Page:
“Bye, Philbert,” Dena said in her little girl voice. Men loved Dena because she has the face of an Italian Madonna and the voice of a little girl who needs protection. Unfortunately, after a few years, they realize their mistake. Inside, Dena is made of steel and needs a lot of space. Janet and I knew that.
“Bye, girls,” Phil said, smiling at us. He put his hand on the doorknob, then turned and looked at us. “I’m surprised you all made it out alive,” he said. “Damned lucky if you ask me.”
After the door closed, we sat together, silently sipping the dregs of our coffee. Dena still had all her old vinyl records. She went over to the stereo and began to flip through them.
“Let’s see, who do we want to listen to? Joni Mitchell, Cat Stevens, Fleetwood Mac…” Dena had stayed in Eugene, but Janet and I had left. Janet had gone to Portland and become a social worker. I ended up teaching school in Nebraska. Now we all had children and husbands and Janet had grandchildren. Life has a funny way of taking you places you’d never thought you’d go.
Dena decided on Joni Mitchell. “Voice like an angel,” she said, and sat back down on the futon. She looked at me fondly. “Remember how you and I would listen to Joni, smoke pot and sew patches on our jeans in the sun room on Hilyard?”
“I can’t even remember the last time I smoked pot,” I said.
“Me neither,” Janet said.
“I don’t really remember much from back then,” I said. “Now I want to remember everything.”
“Well, at least we made it out,” Janet said. “We pieced back together a life.”
Dena said suddenly. “Maybe you guys don’t agree, but sometimes I miss those days. We had each other. We loved each other, and we were so free.”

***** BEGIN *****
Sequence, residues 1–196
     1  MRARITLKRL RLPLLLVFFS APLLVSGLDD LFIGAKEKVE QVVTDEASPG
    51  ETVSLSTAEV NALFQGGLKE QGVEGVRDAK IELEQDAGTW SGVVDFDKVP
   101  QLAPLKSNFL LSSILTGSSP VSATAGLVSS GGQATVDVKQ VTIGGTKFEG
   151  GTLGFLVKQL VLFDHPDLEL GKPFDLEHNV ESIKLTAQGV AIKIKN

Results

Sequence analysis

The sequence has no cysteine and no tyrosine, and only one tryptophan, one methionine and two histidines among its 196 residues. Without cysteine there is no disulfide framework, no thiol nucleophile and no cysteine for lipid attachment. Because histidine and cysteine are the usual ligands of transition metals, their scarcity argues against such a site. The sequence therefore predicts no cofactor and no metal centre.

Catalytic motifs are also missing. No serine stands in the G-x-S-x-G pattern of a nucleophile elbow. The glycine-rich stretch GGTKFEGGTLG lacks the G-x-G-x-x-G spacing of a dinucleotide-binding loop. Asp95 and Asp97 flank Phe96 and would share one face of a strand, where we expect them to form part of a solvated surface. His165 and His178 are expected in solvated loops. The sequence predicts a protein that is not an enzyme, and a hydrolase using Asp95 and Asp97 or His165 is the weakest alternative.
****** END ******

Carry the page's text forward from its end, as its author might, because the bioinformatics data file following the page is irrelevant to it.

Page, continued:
“Remember going to the hot springs and reciting Howl?” I asked.
Dena’s brown eyes were distant, remembering. “I haven’t thought of that in a long time. It was dark and the stars were out and the mist from the springs rose up and the air smelled like moss.”
“I was going to be a writer, like Alan Ginsberg,” I said.
“I was going to be a textile artist,” Dena said.
Janet said, “I thought I was a hippie, but one day I woke and knew I was a drunk.” She shook her head. “I agree with Phil. I like it better now.”
“That summer we lived together on Hilyard, I remember reading William Carlos Williams and Lawrence Durrell and thinking how beautiful the world was.” I said. Now I think of lesson plans and sealing the grout in my bathroom.”
“Don’t even go there,” Janet said. “The problem with the sixties was too much drugs and alcohol and no responsibilities. You’re much better off now, Murr.”
“You’re right,” I said. Joni Mitchell sang, and I looked out the window. The afternoon sun picked up the blood red of the tomatoes in Dena’s garden. Some of the tomatoes had split, and their insides spilled out pink with tiny white seeds like the membranes of nerve cells when someone has a deep wound.
Janet’s cell phone rang. She turned it off without bothering to answer. “That’ll be Rickie,” she said and looked at me. “We better go now, Murr.”
Janet was my ride to the airport in Portland. I nodded and stood up. It was past time to go.